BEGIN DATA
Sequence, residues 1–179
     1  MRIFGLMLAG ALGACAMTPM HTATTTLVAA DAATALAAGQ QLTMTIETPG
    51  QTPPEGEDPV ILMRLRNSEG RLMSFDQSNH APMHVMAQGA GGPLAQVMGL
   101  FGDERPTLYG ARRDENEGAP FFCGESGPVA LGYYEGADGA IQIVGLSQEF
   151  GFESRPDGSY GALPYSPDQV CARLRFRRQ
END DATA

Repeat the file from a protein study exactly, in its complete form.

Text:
Sequence, residues 1–179
     1  MRIFGLMLAG ALGACAMTPM HTATTTLVAA DAATALAAGQ QLTMTIETPG
    51  QTPPEGEDPV ILMRLRNSEG RLMSFDQSNH APMHVMAQGA GGPLAQVMGL
   101  FGDERPTLYG ARRDENEGAP FFCGESGPVA LGYYEGADGA IQIVGLSQEF
   151  GFESRPDGSY GALPYSPDQV CARLRFRRQ